expected value of x2. That then yields 3.5 plus 3.5 divided by

two, which is 3.5. Now you might be wanting, wondering.

After hearing this it's, "oh, that's interesting." You'd expect a value of the

average of two die rolls is the exact same as the expected value of an individual die

roll. And that is exactly the case, but you're

probably thinking, "Maybe does this extend beyond that.

Is the expected value of the average of N die rolls equal to the 3.5 as well." And

the, the answer is yes, that is, that's exactly true.

In, in fact, as a nice segue way into our next slide.

Where we actually derive. The property that we were hinting at in

the previous slide. Namely that the expected value of the

average of a collection of random variables from the same distribution, is

the same as the, the expected value of the individual random variables.

So lets let XI, for I equal one to N, be a collection of random variables, each.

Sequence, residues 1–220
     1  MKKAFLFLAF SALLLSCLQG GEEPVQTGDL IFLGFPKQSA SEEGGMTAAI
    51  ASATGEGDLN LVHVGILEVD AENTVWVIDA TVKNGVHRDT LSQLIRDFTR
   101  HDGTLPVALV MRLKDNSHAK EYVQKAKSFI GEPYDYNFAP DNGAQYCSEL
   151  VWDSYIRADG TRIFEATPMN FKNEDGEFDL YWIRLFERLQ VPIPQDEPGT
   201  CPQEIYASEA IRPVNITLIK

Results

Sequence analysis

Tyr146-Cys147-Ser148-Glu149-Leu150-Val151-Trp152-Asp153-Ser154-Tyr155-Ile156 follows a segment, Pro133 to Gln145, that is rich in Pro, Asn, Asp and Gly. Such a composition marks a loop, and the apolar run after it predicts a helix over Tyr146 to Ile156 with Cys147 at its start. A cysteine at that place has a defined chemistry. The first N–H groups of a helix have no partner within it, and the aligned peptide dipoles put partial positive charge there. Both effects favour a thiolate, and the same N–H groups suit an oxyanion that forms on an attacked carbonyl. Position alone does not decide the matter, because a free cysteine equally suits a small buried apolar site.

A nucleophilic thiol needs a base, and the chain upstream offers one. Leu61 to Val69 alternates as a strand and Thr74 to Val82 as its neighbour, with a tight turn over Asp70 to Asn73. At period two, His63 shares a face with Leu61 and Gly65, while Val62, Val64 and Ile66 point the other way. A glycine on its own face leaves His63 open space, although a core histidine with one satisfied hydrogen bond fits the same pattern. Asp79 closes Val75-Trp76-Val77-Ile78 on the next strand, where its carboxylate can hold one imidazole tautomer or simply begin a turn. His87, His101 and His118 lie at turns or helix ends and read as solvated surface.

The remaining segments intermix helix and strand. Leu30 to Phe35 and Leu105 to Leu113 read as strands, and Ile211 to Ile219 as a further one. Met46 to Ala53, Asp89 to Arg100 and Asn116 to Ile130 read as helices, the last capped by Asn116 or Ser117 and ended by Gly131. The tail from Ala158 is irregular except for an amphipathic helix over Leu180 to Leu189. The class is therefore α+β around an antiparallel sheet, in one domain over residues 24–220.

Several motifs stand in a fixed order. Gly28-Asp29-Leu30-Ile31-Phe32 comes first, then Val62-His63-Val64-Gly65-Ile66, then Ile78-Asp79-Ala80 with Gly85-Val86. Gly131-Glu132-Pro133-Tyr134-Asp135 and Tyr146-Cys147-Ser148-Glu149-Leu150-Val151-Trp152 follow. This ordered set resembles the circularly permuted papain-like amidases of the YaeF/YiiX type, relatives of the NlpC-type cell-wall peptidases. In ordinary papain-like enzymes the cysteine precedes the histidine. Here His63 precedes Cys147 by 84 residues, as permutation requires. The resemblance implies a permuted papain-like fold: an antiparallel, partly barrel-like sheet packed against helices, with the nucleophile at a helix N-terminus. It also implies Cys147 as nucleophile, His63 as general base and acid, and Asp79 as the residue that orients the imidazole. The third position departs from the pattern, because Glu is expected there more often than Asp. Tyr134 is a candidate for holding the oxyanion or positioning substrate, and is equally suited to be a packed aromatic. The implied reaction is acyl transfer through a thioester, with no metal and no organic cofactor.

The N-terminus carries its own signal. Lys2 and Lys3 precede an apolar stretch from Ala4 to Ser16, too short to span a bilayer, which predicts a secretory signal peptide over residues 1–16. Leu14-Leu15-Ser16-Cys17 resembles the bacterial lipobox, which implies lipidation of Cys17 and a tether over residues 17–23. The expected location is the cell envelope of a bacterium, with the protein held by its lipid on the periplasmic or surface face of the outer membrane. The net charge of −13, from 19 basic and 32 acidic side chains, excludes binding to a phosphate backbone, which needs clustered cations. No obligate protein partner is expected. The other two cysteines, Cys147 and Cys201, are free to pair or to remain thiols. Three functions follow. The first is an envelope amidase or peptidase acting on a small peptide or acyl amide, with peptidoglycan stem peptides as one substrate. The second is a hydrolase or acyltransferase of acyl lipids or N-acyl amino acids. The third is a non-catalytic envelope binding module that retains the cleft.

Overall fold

Each from a distribution would mean mu. I just wanna also point out that we tend

to use Greek letters to represent, population quantities, in this case the

population mean of the distribution is mu. So lets calculate the expected value of

the sample average of the XI. Well, we want the expected value of the

sample average which is one over N, summation I equals one to the N to the

XI's. The one over N pulls out because its not

random. The expected value commutes across the

sum. And the expected value of each of those x

I's, is itself mu. So we get the summation I equals one to n

of mu. We get mu added up n times then which is n

mu divided by n on the outside, so we get mu.